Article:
The most important political point Albanese makes is that he wants to be in government for a long time. On the day after the budget, Albanese was asked whether he was bold enough. He said that his aim was to lead a long-term Labor government that creates a better future, and that the budget was a step towards that. I hear this “long-term” refrain from almost everyone in government. In part, it is born from the searing experience of the Rudd–Gillard years and what followed: so many of today’s ministers saw their work torn down. To make it last, they believe, they must govern for years and years.

But if events intervene – if a crisis interrupts – then it is possible that all the things the government had hoped to get to, which it believed would end up as defining, don’t get done. At present, the government is focused on countering the risk from the opposite direction: that by acting too quickly and making mistakes you cost yourselves those years anyway. Whether you believe the government is going too fast or too slow, Albanese tells me, depends on whether you see it as a three-year government or one planning for something longer. He also reminds me that second terms are not guaranteed the way people think they are. Hawke and Howard almost lost after one term. You have to go back to Fraser, he says, to find a government that didn’t go backwards at its next election.

When other recent leaders insisted that they never thought about politics, there was a sense they could not afford to admit they were acting politically in any one situation, because it would make the truth too obvious: they were always acting politically, it was the sole prism through which they understood government. The fact Howard and Albanese are not fazed may suggest the opposite: they understand that politics is always there, that it would be foolish to deny it, but feel no fear in saying so because it is equally clear that politics is not the only factor driving them. One observer I spoke to believes that voters understand this, and that it is one of the major contrasts they have picked up on: for Morrison in particular, everything was subservient to politics, including government. Albanese is just as political, but for him the relationship is the other way around: politics as a means, not an end. When I point out to Albanese his willingness to talk about the role politics plays in his decisions, he says it would not be honest to do otherwise. He says, too, that telling people what you’re doing is part of how you bring them with you.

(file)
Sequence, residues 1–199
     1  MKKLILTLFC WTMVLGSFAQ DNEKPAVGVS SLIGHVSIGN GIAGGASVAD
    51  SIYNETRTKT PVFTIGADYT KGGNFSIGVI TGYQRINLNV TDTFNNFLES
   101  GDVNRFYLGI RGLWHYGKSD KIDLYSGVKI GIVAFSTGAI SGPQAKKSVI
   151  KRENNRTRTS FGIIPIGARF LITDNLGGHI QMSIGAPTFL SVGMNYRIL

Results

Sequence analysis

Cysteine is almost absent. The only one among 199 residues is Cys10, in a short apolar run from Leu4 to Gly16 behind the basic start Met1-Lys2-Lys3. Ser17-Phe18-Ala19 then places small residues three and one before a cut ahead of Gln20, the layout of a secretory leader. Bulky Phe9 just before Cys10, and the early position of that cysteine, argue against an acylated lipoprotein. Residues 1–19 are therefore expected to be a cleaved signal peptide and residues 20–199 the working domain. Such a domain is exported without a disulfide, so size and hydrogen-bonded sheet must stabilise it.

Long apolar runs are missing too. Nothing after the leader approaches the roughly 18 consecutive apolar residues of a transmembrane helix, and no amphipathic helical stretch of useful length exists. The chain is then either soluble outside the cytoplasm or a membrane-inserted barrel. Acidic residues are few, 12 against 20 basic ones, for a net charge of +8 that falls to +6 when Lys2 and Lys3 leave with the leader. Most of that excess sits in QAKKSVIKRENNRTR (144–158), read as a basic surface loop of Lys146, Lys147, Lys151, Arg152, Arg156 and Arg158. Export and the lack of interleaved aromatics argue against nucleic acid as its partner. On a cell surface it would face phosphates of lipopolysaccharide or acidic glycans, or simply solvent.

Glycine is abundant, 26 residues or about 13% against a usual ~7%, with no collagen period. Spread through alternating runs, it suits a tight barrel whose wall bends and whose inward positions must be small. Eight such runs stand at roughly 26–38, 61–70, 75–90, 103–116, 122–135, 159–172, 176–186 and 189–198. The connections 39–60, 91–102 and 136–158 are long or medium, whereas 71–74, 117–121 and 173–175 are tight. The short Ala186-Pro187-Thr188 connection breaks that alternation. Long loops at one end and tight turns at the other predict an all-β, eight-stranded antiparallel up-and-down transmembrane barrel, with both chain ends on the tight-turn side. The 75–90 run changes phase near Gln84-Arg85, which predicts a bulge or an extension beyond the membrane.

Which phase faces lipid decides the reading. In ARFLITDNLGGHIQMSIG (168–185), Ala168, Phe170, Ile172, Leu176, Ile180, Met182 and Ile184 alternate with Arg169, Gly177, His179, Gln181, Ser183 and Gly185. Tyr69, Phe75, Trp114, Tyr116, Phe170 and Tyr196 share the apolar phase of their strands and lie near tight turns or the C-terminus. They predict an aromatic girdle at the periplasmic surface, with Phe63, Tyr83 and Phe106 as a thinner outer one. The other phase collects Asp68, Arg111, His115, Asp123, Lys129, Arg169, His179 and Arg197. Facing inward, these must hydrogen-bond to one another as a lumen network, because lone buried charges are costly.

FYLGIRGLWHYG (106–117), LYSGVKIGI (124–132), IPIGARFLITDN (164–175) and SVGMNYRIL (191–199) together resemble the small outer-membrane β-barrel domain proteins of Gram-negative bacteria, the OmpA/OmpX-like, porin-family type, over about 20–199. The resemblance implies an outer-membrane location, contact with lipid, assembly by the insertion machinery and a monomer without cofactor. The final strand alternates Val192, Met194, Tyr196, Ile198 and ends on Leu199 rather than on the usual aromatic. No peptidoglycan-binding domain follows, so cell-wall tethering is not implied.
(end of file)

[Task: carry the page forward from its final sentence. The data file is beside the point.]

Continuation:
Albanese believes long-term government is, at this stage of the country’s history, a worthwhile end in itself. We have had too many prime ministers in too short a space of time, he says, which is “not in the national interest, just objectively”. He is also fond of saying, though, that he is not there to “occupy the space”. So, what does he want to do with it?

One interesting clue came during the campaign, when Albanese defended plans to subsidise childcare even for the wealthy by recounting the fact that his mother, while in hospital, had stayed in the same room that Kerry Packer had stayed in when the media mogul had a heart attack. “Public services which are universal make a difference to strengthen our society,” he said. “And I have said quite clearly that childcare is something that we should consider as a service that benefits the entire society.”

This is significant because, as historian Frank Bongiorno has noted, many of Labor’s largest reforms have been universal. Universalism, by bringing rich and poor together, makes our public services a joint endeavour; as with Medicare, both our quality of life and our sense of ourselves as Australians becomes tied to their success. There is a hint here of a grand national project, one that might unite Australians in a new sense of their country and what it might be.